Another randomised, double blind, placebo controlled trial was carried out in 152 patients to evaluate administration of a ketone based supplement ( 3). Serum ketone bodies were significantly elevated 2 hours after administration compared to a placebo. A significant correlation was observed between BHB levels and change in AD cognition scores. This essentially means that the more elevated the level of ketone bodies, the greater improvement in AD related cognition symptoms.
The exact level that BHB needs to be raised to get these benefits is still not fully known. One case study reports that for ketone bodies to provide energy to the glucose deprived parts of the AD brain, BHB levels must rise above 0.2 mM ( 4). In this patient, after 6-8 weeks of ingesting a ketone ester, there were marked improvements in activities of daily living.
Parkinson's Disease (PD)
Due to the proposed impact that ketone bodies can have in the brain, it is hypothesised that the ketogenic diet may be an effective treatment for PD.
Researchers have looked at the impact of ketone bodies in animals and cell cultures. In one study, they showed that administering exogenous ketones for 7 days offered protection against structural and functional effects that occur in PD ( 5).
To date, there has been no human clinical study utilising exogenous ketones in patients with PD. However, there is a growing body of case studies using exogenous ketones for PD. The results of the case studies are showing some promising results. One case study which was carried out at the ASPI facility in Tampa, Florida provided one patient with 10 g of BHB. After 30 minutes the patient reported vast improvements in eye movement which is a characteristic in PD.
One of the main reasons that exogenous ketones have been developed was for use in athletes. In sport science, it is believed that when performing, the body operates best by using glucose as its main fuel. A recent study ( 6) which compared athletes who followed a habitual high carbohydrate diet to that of a low carbohydrate diet showed this to not be the case. It showed that individuals who are keto-adapted, can operate at a high athletic level by gaining most of their energy through that of fat and ketone bodies.
A study carried out in rats supplemented 30% of their diet with a ketone ester. For 5 days, the rats ran 32% further on a treadmill than did the control rats and outperformed on cognitive tests ( 7).
A lab based in Oxford, England has carried out a series of studies in high-performing athletes utilising ketone esters. From their work, they have shown that having higher circulating levels of ketone bodies in athletes can cause physiological alterations which may improve physical performance in some athletes ( 8). It appears to do this through the ketone bodies offering an effective alternative energy source for the body during exercise.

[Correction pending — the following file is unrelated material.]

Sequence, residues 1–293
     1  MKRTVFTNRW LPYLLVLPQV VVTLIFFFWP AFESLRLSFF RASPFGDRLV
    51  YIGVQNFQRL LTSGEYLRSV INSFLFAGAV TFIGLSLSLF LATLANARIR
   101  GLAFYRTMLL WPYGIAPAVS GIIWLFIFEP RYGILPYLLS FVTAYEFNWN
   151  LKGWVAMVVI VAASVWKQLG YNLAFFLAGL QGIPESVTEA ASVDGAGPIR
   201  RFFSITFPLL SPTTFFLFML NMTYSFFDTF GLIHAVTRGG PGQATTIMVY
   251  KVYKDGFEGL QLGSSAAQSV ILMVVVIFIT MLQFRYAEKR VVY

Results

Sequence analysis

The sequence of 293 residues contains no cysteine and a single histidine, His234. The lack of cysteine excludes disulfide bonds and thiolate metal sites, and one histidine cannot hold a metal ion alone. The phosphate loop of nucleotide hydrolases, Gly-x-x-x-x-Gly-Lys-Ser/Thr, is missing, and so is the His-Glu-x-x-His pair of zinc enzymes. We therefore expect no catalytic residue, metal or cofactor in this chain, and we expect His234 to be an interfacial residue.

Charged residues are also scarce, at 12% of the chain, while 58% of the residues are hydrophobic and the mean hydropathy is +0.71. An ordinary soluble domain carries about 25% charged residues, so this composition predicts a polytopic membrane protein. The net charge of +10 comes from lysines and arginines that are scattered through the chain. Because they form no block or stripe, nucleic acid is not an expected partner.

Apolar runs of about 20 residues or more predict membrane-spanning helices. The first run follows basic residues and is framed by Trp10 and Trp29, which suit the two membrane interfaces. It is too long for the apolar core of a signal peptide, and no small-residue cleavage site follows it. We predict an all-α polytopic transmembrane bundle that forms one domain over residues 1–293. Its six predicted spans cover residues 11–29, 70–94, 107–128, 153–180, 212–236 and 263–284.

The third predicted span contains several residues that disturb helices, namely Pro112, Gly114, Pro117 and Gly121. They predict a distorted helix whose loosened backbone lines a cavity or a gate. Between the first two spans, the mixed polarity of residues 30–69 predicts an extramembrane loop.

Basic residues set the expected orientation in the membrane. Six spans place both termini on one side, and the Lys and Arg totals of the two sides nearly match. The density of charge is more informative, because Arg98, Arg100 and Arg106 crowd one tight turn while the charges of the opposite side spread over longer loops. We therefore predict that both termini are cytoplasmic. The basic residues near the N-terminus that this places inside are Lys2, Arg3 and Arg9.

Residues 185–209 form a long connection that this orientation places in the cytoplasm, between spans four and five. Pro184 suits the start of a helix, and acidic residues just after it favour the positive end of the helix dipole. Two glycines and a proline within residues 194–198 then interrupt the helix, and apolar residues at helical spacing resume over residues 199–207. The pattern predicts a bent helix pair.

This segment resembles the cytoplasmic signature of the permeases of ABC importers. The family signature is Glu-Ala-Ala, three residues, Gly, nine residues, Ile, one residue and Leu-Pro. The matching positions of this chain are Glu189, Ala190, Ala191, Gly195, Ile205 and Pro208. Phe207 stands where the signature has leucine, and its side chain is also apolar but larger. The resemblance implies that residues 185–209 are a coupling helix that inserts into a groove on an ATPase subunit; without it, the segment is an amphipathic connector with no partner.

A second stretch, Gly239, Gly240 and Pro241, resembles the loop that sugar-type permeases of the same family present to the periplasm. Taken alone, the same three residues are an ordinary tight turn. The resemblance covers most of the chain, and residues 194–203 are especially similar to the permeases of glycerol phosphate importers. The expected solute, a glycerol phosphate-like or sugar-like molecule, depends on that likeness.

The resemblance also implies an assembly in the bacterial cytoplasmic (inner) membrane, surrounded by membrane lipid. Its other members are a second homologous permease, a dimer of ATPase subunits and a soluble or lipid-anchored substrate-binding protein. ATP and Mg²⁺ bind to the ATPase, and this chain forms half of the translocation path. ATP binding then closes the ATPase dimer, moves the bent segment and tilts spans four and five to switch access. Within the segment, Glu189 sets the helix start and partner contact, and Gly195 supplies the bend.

Further to improving performance, nutritional ketosis is hypothesised to help facilitate muscle recovery from intense exercise ( 9). One study gave eight athletes a novel oral ketone ester drink every 60 minutes during the initial 5 hour of recovery, following a glycogen depleting maximal exercise bout ( 10). They found that BHB levels reached an average level of 5mM which was able to increase a muscle signalling pathway known as mTORC1. This pathway induces leucine-mediated protein synthesis. Essentially this means that ketone esters could promote muscle building following exercise.
It should be noted that most of the evidence we have in athletes, have been done with ketone esters and not salts (as noted earlier the only commercially available exogenous ketone supplements). As ketone esters are much more potent than that of salts, it may mean the salts do not provide the same therapeutic potential.
One area of use with exogenous ketones that is being mostly misunderstood is its role in weight management. There are many people out there claiming that by ingesting exogenous ketones it will somehow cause you to lose weight at a faster rate. It is important to note that this claim is completely unsubstantiated.
Why Ketone Esters Won't Promote Fat Loss
There is a belief that people think the higher their ketone levels, then the greater rate of weight loss. Where this comes from is the understanding of how your body gets into ketosis and how this can promote weight loss.